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Wednesday, March 13, 2013

Global and US Back to School Shopping January 2013 Published by

Dramatic changes in the technology landscape and the prevalence of technology in the classroom have altered the way BTS shoppers research and make purchases, and has also impacted what shoppers consider to be essential school supplies. As tablet computers and similar devices take a more prominent role in delivering education, retailers of traditional school supplies may feel a decrease in the demand for ‘old-school’ supplies such as notebooks and pens. Also, despite the stabilizing economy, marketers must address consumers’ lingering money-saving behaviors such as expecting price promotions and discounts.

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What you need to know
Data sources
Consumer survey data
Advertising creative
Abbreviations and terms

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Retailers can be encouraged by optimistic BTS anticipated spending
Total 2012 BTS anticipated spending at a record high
Figure 1: Anticipated spending on back-to-school shopping and change in total vs. per household anticipated
spend, July 2008-12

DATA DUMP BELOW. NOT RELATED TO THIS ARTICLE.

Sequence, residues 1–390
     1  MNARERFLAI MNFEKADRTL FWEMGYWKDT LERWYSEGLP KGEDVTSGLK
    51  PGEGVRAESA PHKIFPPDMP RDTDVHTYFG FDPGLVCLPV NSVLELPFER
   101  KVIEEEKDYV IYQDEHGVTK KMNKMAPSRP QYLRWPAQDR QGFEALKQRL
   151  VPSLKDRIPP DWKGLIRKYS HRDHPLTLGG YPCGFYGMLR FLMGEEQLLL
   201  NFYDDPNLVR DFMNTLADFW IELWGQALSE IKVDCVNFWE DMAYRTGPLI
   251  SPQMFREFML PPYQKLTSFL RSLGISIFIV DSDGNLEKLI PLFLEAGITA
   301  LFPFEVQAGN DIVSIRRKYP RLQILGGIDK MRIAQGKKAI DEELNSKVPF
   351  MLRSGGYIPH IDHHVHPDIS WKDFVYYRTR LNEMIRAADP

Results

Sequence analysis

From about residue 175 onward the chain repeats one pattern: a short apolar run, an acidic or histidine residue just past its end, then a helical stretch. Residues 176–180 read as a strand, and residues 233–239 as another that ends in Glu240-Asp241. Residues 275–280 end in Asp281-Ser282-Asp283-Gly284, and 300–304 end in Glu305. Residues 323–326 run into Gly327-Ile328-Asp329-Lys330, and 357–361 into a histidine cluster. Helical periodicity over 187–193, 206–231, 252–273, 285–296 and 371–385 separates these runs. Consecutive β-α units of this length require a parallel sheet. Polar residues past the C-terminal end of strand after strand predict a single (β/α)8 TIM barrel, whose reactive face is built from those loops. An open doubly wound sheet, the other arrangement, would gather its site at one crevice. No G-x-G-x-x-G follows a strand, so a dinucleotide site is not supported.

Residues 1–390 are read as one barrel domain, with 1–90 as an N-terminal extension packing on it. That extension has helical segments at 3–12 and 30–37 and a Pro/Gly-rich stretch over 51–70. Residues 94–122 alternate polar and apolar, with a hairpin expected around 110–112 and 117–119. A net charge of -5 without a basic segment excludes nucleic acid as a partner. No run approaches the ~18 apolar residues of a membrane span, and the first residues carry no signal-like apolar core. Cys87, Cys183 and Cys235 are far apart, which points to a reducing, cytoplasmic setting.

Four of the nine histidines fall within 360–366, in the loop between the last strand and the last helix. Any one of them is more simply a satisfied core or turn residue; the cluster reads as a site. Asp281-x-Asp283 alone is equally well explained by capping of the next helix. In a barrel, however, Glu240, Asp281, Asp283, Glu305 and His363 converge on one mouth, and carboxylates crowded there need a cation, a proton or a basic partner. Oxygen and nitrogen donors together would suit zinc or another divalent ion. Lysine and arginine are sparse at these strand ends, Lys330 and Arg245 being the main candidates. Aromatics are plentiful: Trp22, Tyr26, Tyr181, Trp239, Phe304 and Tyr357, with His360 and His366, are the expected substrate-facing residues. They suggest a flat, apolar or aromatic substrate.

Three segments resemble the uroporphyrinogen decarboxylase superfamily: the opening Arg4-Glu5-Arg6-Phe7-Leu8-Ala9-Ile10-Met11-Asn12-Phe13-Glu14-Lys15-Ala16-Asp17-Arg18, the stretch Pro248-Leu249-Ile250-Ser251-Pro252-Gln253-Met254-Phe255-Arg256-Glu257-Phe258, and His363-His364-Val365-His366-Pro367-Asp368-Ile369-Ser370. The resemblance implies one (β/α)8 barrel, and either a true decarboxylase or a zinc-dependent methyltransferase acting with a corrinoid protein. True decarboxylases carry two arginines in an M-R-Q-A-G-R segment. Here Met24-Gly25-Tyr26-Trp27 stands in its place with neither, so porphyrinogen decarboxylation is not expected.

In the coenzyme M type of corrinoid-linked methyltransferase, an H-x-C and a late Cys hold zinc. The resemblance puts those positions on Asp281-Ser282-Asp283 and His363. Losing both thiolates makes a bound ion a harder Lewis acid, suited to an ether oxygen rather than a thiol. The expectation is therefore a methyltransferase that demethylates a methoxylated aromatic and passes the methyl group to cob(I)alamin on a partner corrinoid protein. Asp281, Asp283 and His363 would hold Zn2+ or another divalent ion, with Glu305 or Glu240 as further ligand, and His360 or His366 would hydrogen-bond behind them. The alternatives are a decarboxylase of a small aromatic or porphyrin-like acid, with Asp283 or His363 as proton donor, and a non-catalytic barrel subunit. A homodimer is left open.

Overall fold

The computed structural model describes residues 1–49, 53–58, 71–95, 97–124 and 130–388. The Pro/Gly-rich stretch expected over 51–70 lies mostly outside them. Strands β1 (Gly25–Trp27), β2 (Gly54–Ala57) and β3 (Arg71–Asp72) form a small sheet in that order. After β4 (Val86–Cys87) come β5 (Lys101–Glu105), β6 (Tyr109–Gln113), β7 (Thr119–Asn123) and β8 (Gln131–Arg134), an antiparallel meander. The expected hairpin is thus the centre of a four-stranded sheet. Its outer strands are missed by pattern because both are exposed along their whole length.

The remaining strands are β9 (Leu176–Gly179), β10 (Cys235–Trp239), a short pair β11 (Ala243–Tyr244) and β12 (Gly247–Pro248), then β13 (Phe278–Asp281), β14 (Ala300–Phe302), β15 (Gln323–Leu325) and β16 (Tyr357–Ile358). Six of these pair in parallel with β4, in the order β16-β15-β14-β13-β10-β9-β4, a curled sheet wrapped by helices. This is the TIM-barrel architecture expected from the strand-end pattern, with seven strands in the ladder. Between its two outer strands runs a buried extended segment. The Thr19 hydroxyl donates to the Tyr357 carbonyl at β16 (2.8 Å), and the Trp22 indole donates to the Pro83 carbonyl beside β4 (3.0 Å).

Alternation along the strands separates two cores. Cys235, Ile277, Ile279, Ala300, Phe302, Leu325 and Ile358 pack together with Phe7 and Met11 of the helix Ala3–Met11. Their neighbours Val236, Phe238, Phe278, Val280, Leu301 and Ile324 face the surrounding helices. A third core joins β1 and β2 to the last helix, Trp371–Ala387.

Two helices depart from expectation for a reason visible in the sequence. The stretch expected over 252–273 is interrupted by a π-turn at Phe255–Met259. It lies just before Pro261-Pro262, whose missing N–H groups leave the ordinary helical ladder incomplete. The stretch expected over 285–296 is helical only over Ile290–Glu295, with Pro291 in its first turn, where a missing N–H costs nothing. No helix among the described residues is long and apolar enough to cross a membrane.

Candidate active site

Apparel and accessories top 2012 anticipated spending
Figure 2: Consumer anticipated spending on back-to-school shopping, by segment, July 2012
BTS shoppers
Parents of school-age children span multiple generations
Figure 3: Children school enrollment by school type, by generation, October 2012
School-age children are a multicultural and diversified group
Figure 4: U.S. population and share of children aged 6-17, by race/Hispanic origin, 2013
Market drivers
Boost in anticipated BTS spending correlate with consumer confidence
Figure 5: University of Michigan’s index of consumer sentiment, July-Sept 2008-12
School uniforms are trending up and becoming affordable
Figure 6: Percentage of public schools in the U.S. requiring uniforms and enforcing a dress code, selected
school years 1999-2000 through 2009-10
A rise in distance learning enrollments in secondary education
Figure 7: Public high school student enrollments in distance learning, selected school years 2002-03 through
Competitive context
Online retail channel is consistently making strong inroads in the retail space
Digital technology penetration into K-12
Retail channels
Figure 8: Anticipated retail channels for purchasing back-to-school items, July 2012
Leading companies
Consumer behaviors
Spending by category increased from 2011
Figure 9: Change in back-to-school spending, by category, October 2012
Meeting children’s school needs viewed as essential
Figure 10: Attitudes and behaviors toward spending and saving on back-to-school items, October 2012
Buying BTS items from sales racks and using coupons are common
Figure 11: Money-saving tactics used for back-to-school shopping in Fall 2012, October 2012
What we think

Hemendra Parmar
State Tower
90 State Street, Suite 700
Albany, NY 12207
United States
Tel: +1-518-618-1030

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